SNMMI Objects to Humana’s Decision to Deny Coverage for PET/CT

November 12, 2020

On November 6, SNMMI received word regarding Humana’s recent decision [Policy Number: HCS-0506-010] to deny coverage for PET/CT (CPT codes 78429-78433) on the basis that it is “experimental/investigational” and “not identified as widely used and generally accepted for the proposed uses as reported in nationally recognized peer-reviewed medical literature.” The revised policy, to take effect February 4, 2021, reads:

“Humana members may NOT be eligible under the Plan for PET with concurrently acquired CT for any indications other than those listed above, including, but not limited to:

  • Cardiac indications; OR
  • Gastric or esophageal oncologic indications; OR
  • Neurologic indications; OR
  • Total body PET/CT (uEXPLORER) for screening (e.g. cancer).”

SNMMI has joined several other medical societies, including ASNC, in opposing this decision by Humana.  In 2016, ASNC imaging guidelines /SNMMI procedure standards [1] were published that detail the quality components required to perform PET nuclear cardiology procedures.  In 2020, a multi-disciplinary appropriate use criteria (AUC) document [2] published by SNMMI states: “The high spatial and contrast resolution in concert with photon attenuation-free images of PET have led to high image quality associated with the highest sensitivity and specificity of PET/CT perfusion imaging in the detection and characterization of coronary artery disease (CAD).” [3-6]  The publication of these peer-reviewed documents validated the role of cardiac PET/CT and led to reimbursement by the Centers for Medicare and Medicaid Services, and most other payers, for these procedures with Category I codes.

With respect to other indications, PET/CT with FDG has an established role in evaluating esophageal cancers and cancers of the gastroesophageal junction, and this has been affirmed by national CMS coverage policies.  In addition, several neurologic indications are appropriate for PET/CT.  While screening low-risk patients for cancer by PET is not routine practice, the appropriateness of evaluating high-risk patients for cancer will be defined by the clinical context and clinical question.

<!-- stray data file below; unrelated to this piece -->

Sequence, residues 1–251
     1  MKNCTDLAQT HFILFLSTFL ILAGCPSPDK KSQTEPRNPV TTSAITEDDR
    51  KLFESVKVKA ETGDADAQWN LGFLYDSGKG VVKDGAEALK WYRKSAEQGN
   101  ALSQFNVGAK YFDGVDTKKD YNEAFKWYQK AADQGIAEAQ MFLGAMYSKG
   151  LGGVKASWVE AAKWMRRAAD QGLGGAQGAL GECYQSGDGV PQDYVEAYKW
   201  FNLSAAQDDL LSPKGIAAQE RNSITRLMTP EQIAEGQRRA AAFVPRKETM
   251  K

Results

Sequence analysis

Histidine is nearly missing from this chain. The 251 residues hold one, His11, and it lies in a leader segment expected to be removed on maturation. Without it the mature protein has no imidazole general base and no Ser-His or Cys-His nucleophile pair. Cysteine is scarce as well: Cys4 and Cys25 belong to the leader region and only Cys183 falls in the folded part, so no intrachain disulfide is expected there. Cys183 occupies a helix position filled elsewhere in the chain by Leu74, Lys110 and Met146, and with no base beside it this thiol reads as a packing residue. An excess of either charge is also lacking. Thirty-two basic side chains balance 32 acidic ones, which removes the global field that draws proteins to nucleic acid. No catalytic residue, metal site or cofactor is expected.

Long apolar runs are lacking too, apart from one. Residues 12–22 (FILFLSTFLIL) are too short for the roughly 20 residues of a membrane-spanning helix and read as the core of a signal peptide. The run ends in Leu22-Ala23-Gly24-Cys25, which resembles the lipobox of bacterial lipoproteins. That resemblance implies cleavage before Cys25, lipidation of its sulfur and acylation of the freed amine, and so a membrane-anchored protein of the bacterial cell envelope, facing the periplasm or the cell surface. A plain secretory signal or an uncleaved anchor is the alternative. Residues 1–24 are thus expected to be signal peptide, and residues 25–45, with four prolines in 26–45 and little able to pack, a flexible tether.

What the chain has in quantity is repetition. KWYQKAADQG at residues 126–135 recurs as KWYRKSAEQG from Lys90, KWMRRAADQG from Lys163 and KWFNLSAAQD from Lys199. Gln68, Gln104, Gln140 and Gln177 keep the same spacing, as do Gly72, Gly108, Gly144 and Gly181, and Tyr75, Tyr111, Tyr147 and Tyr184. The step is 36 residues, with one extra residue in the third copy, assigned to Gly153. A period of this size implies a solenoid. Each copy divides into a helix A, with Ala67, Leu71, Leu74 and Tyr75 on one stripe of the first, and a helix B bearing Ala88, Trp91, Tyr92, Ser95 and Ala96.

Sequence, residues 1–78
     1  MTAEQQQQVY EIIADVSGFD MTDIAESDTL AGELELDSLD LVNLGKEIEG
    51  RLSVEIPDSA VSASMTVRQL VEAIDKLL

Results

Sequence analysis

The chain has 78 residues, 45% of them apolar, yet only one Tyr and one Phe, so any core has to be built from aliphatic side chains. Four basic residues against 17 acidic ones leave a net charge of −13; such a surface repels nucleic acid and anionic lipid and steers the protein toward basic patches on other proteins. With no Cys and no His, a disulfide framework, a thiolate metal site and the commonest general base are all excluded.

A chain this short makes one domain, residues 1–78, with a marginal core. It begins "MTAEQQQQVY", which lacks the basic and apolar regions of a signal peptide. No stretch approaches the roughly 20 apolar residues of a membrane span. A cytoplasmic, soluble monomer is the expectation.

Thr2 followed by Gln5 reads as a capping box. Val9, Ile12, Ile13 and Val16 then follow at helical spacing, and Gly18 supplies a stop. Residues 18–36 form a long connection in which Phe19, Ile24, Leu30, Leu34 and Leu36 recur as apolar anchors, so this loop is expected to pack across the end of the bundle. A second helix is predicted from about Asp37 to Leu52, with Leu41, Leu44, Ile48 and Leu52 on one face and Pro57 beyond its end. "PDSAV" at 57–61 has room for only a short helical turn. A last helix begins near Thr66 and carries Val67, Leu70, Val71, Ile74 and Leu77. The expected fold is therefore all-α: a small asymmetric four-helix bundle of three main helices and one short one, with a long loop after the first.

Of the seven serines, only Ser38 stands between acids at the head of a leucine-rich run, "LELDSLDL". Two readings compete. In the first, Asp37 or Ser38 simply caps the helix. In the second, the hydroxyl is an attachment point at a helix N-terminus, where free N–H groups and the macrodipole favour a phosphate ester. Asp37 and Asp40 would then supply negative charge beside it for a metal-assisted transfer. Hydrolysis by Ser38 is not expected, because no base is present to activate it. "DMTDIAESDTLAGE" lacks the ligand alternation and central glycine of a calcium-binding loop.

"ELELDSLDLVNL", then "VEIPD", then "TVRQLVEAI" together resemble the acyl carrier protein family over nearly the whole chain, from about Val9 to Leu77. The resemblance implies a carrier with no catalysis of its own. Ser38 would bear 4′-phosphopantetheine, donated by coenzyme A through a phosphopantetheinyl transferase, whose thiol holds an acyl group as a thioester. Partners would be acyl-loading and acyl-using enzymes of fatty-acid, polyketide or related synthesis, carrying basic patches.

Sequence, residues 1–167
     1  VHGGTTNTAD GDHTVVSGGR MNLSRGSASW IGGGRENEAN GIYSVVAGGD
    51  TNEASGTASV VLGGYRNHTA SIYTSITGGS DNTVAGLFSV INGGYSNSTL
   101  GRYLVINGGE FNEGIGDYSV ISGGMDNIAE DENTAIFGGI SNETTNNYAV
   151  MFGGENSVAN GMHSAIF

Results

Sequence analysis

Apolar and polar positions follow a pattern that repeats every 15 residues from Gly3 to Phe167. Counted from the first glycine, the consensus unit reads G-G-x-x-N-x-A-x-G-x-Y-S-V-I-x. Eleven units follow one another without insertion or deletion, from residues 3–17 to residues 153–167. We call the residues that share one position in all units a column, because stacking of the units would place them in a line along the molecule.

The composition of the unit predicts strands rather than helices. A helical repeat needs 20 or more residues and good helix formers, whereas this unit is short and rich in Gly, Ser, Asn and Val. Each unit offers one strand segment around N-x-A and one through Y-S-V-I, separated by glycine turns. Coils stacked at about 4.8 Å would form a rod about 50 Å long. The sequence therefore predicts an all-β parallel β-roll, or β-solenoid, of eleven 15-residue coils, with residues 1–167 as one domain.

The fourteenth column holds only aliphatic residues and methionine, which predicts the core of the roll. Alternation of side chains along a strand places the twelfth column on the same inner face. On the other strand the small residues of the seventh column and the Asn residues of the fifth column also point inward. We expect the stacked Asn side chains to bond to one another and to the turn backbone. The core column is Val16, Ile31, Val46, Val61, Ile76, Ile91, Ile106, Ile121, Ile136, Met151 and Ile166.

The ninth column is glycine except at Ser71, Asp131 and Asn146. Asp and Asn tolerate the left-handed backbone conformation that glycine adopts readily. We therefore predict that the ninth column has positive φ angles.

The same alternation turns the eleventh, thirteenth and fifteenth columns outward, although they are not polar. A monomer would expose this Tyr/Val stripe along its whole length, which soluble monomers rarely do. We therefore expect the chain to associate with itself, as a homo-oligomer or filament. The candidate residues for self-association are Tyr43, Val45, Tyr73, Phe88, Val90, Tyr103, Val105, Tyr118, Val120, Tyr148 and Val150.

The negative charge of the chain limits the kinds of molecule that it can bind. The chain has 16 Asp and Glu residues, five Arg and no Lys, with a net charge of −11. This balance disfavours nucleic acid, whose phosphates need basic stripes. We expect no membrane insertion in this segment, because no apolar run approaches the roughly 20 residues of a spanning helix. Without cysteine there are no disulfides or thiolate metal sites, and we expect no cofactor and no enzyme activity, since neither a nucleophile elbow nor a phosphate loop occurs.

Nearly all commercially available PET scanners are now hybrid PET/CT systems, and these newer systems have numerous other improvements compared to older models. With this policy, Humana is thus requiring its members to provide cardiac PET services using less advanced instrumentation than is currently available.  Hybrid PET/CT systems also reduce scan time and patient motion leading to higher quality images.  CT attenuation corrections can also be customized for body habitus, further improving image quality.  For cardiac PET, there is also extensive medical literature documenting the additional diagnostic value contributed by review of the CT attenuation map image.

In summary, SNMMI strongly disagrees with Humana’s recently proposed policy decision to exclude hybrid PET/CT imaging for cardiac and several other indications as “experimental” and “investigational”. There is ample evidence in the peer-reviewed literature as well as clinical guidelines and appropriate use criteria that support the use of PET/CT.  This evidence is widely accepted by payers, including CMS, and by the AMA.  Implementing this revised policy will deny patients access to state-of-the-art imaging procedures that are the standard-of-care for making potentially life-saving clinical decisions.

You may find SNMMI's letter to Humana regarding its refusal to cover hybrid PET/CT for cardiac indications here. We are also in the process of drafting another letter regarding the other exclusions.

 

[1] Dilsizian V, Bacharach SL, Beanlands SR, Bergmann SR, Delbeke D, Dorbala S, et al. ASNC Imaging Guidelines/SNMMI Procedure Standard for Positron Emission Tomography (PET) Nuclear Cardiology Procedures. J Nucl Cardiol 2016; 23:1187-1226.

[2] Schindler TH, Bateman TM, Berman DS, Chareonthaitawee P, De Blanche LE, Dilsizian V, Dorbala S, Gropler RJ, Shaw L, Soman P, Winchester DE, Verberne H, Ahuja S, Beanlands RS, Di Carli MF, Murthy VL, Ruddy TD, Schwartz RG. Appropriate Use Criteria for PET Myocardial Perfusion Imaging. J Nucl Med. 2020 Aug;61(8):1221-1265. doi: 10.2967/jnumed.120.246280. PMID: 32747510.

[3] Bateman TM, Dilsizian V, Beanlands RS, DePuey EG, Heller GV, Wolinsky DA. American Society of Nuclear Cardiology and Society of Nuclear Medicine and Molecular Imaging joint position statement on the clinical indications for myocardial perfusion PET. J Nucl Cardiol. 2016;23: 1227–1231.

[4] Schindler TH, Schelbert HR, Quercioli A, Dilsizian V. Cardiac PET imaging for the detection and monitoring of coronary artery disease and microvascular health. JACC Cardiovasc Imaging. 2010;3:623–640.

[5] Gould KL, Johnson NP, Bateman TM, et al. Anatomic versus physiologic assessment of coronary artery disease: role of coronary flow reserve, fractional flow reserve, and positron emission tomography imaging in revascularization decision-making. J Am Coll Cardiol. 2013;62:1639–1653.

[6] Gould KL, Johnson NP, Roby AE, et al. Regional, artery-specific thresholds of quantitative myocardial perfusion by PET associated with reduced myocardial infarction and death after revascularization in stable coronary artery disease. J Nucl Med. 2019;60:410–417.